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461 Hematopoietic Stem Cell Transplantation (HCT) Conditioning Leads to NK Cell Cytotoxicity Limiting Endogenous Thymus Regeneration

Program: Oral and Poster Abstracts
Type: Oral
Session: 701. Experimental Transplantation: Basic and Translational: T Cells in GVHD, Thymus Regeneration, and Immune Reconstitution
Hematology Disease Topics & Pathways:
Research, Fundamental Science, Translational Research
Sunday, December 10, 2023: 10:30 AM

David Granadier, BS1,2*, Kirsten Cooper3*, Dante Dennis Acenas II, BA4,5, Lorenzo Iovino, MD, PhD1, Paul Deroos3*, Vanessa A Hernandez3* and Jarrod A Dudakov, PhD6

1Fred Hutchinson Cancer Center, Seattle, WA
2MCB, University of Washington, Seattle, WA
3Translational Science and Therapeutics, Fred Hutchinson Cancer Center, Seattle, WA
4University of Washington, Seattle, WA
5Translational Science and Therapeutics Division, Fred Hutchinson Cancer Center, Seattle, WA
6Program in Immunology, Translational Science and Therapeutics Division, Fred Hutchinson Cancer Center, Seattle, WA

The thymus is highly sensitive to acute injury such as the cytoreductive conditioning given pre-hematopoietic stem cell transplant (HCT). The thymus is capable of regeneration, however its reparative capacity and T cell productivity decline with age. This leaves HCT recipients vulnerable to relapse of malignancy and opportunistic infection – the leading causes of post-HCT mortality – during a prolonged period of lymphopenia. Better understanding the endogenous mechanisms by which thymus regeneration is regulated may inform therapeutic interventions to improve T cell reconstitution in these patients. Here, we report that HCT conditioning leads to rises in stimulatory cytokine IL-18, subsequent activation of NK cells and increased cytotoxicity, which aberrantly suppresses organ recovery.

Our group has reported that HCT-conditioning by ionizing radiation leads to increased Caspase-1 mediated immunogenic cell death within the thymus (Kinsella 2023 BioRxiv). Consistent with the cleavage of Caspase-1, we found an increase in release of the inflammatory cytokines IL-1b and IL-18. Although mice deficient for IL-1b signaling receptor (Il1r-/-) did not show any modulation in their ability to regenerate after TBI, we found that mice deficient for IL-18 signaling (Il18-/-) exhibited increased thymic cellularity one week following acute damage by sublethal irradiation (SL-TBI) (Fig. 1A left). This led us to conclude that post-damage activation and release of IL-18 suppresses thymus regeneration.

We found that IL-18R was not expressed on most developing thymocytes and although a minority of thymic epithelial cells expressed the receptor, mice with a deficiency in IL-18R restricted to TECs (Il18r1fl/fl:Foxn1-Cre+) showed no difference in regenerative capacity following conditioning. To rule out an effect on hematopoietic progenitors, for which IL-18R expression has been reported (Silberstein 2016 Cell Stem Cell 6;19), we performed a competitive transplantation of Il18r1-/- and WT bone marrow and measured T cell production, which showed no competitive advantage of Il18r1-/- donor cells; this demonstrated that IL-18 does not directly regulate progenitor cells themselves, but rather, more likely acts via a bystander thymus-resident population. Within the thymus, IL-18R was expressed by highly radioresistant NK1.1+ NKT and NK cells. Depletion of both populations with anti-NK1.1 monoclonal antibody improved thymus cellularity in WT mice (Fig. 1A middle). Notably, NKT deficient CD1d-/- mice showed no defective repair which suggested that the depletion upon NK1.1+ cell depletion is largely mediated by NK cells. Depletion of NK1.1+ cells in Il18-/- mice did not improve regeneration further, suggesting that NK-mediated suppression is IL-18 dependent. Given the known role of IL-18 in NK cell activation, we hypothesized that the HCT-conditioning resultant rise in IL-18 stimulates NK cells leading to “accidental” targeting of regeneration promoting cells. NK cell production of cytotoxic factors including IFNg, GzmB and Perforin increases following radiation conditioning, although only mice deficient for Perforin and not IFNg- exhibited improved thymus cellularity 7 days post HCT-conditioning (Fig 1A right). Further supporting this hypothesis, IL-18R+CD49b+ NK cells isolated from the thymus 2-days post-irradiation induced more target cell death in head-to-head cytotoxicity assays compared to NK cells isolated pre-radiation (Fig 1B). Finally, we observe TEC downregulation of NK cytotoxicity inhibitory ligand MHC-I following radiation conditioning, suggesting that critical regeneration promoting stroma may be the targets of these activated NK cells.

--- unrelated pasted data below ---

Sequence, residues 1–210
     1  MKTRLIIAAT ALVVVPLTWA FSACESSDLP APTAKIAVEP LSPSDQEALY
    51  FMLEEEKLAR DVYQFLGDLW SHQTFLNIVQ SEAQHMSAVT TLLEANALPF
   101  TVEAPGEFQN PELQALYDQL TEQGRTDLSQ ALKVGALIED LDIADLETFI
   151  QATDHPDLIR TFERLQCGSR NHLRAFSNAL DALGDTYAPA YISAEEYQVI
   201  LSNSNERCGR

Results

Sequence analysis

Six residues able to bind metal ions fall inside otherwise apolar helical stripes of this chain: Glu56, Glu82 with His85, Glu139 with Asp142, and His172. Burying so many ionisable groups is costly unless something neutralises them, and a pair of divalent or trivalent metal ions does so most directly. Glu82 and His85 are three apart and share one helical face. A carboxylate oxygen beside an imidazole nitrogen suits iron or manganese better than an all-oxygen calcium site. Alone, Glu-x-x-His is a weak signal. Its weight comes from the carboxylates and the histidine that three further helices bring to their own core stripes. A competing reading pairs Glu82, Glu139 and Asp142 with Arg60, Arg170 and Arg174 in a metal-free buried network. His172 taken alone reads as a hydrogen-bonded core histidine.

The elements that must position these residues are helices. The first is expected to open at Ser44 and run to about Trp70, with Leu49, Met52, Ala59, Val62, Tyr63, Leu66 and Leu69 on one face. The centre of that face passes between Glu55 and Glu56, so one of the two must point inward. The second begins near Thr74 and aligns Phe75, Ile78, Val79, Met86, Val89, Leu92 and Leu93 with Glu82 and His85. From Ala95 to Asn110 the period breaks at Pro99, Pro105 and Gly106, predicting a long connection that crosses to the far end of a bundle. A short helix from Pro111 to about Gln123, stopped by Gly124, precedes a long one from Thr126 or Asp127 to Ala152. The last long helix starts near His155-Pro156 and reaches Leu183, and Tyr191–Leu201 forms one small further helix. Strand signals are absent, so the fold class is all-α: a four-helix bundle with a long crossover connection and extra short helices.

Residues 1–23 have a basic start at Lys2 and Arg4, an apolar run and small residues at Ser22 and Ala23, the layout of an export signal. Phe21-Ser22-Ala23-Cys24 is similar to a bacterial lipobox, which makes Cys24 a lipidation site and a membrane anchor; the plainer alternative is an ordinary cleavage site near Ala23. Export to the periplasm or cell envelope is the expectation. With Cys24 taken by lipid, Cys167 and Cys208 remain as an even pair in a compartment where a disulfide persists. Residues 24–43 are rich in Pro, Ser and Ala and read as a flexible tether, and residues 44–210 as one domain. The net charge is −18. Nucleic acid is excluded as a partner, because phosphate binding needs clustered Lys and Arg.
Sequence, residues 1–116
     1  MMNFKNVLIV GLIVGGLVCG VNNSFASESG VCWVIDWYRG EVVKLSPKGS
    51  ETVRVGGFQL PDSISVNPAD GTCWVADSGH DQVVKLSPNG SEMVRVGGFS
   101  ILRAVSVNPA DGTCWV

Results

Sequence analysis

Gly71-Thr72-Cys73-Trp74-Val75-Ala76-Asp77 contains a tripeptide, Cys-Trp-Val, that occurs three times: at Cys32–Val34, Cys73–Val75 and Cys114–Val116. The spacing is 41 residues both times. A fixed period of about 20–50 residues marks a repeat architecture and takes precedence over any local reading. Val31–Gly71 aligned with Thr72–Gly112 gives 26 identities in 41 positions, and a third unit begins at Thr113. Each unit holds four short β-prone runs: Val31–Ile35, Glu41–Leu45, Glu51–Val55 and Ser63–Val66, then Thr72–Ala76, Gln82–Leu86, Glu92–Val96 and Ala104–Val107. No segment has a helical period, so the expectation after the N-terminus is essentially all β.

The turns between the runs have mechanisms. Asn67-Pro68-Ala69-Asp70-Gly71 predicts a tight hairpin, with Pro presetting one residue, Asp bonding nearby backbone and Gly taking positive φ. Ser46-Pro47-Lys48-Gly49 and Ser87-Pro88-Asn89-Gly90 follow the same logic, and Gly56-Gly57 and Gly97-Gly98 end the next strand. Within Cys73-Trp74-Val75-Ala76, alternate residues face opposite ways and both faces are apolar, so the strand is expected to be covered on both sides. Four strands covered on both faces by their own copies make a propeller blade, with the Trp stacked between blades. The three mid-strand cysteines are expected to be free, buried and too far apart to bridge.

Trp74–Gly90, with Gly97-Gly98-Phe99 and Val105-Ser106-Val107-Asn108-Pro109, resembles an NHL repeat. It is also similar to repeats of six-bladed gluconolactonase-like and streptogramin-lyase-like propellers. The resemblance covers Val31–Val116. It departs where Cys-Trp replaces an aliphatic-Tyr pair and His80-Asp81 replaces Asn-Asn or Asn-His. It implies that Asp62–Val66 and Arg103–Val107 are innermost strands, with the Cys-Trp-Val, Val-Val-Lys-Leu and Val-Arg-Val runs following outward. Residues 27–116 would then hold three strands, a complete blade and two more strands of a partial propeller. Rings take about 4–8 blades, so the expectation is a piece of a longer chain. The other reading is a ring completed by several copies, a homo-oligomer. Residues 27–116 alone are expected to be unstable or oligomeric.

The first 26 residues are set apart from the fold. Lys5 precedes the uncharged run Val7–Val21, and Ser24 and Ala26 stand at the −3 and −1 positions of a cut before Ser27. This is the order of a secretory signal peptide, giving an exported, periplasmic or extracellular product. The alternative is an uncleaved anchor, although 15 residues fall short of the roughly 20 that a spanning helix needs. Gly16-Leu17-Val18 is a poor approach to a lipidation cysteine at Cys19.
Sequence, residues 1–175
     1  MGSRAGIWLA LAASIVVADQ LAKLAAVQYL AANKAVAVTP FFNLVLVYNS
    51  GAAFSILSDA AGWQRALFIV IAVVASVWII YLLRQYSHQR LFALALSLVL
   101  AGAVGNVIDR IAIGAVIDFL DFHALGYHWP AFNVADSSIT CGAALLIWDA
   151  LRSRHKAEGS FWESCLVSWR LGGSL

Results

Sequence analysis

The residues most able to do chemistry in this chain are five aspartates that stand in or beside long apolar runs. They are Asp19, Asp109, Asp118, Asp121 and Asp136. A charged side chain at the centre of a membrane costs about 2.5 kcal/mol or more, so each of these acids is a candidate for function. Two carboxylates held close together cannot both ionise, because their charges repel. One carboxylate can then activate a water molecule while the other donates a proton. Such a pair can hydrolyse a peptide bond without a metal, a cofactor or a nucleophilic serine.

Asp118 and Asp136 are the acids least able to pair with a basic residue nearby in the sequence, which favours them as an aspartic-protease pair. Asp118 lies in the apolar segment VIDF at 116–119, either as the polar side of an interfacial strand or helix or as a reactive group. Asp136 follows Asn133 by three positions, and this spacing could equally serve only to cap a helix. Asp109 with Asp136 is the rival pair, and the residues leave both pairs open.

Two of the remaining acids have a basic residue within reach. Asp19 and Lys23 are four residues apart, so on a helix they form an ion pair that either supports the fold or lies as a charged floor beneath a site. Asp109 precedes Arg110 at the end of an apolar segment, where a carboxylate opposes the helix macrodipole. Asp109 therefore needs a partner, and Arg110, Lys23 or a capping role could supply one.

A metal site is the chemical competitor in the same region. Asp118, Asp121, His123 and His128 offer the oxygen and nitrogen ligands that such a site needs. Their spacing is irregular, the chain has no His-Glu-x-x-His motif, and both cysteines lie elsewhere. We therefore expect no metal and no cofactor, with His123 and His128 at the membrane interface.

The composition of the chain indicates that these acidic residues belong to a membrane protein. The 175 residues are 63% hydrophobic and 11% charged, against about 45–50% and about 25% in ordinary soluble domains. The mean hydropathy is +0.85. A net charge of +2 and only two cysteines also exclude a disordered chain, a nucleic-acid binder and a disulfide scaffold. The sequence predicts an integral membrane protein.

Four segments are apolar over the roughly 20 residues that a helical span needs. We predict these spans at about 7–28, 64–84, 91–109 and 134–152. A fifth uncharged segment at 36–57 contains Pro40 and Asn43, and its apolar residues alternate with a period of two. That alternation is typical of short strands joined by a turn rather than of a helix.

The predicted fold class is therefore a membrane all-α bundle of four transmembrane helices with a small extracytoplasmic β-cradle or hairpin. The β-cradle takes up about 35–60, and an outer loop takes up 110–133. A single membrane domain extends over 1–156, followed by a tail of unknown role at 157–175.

These findings suggest that, while necessary for successful transplantation, conditioning regimens may induce cytotoxicity of bystander NK cells which suppresses thymus recovery. Furthermore, we implicate conditioning induced immunogenic cell death and increased IL-18 in the stimulation of these suppressive cytotoxic cells and suggest that therapeutically targeting IL-18 and NK cell cytotoxicity may improve T cell reconstitution post-HCT.

Disclosures: Iovino: Mustang Bio: Current equity holder in publicly-traded company.

*signifies non-member of ASH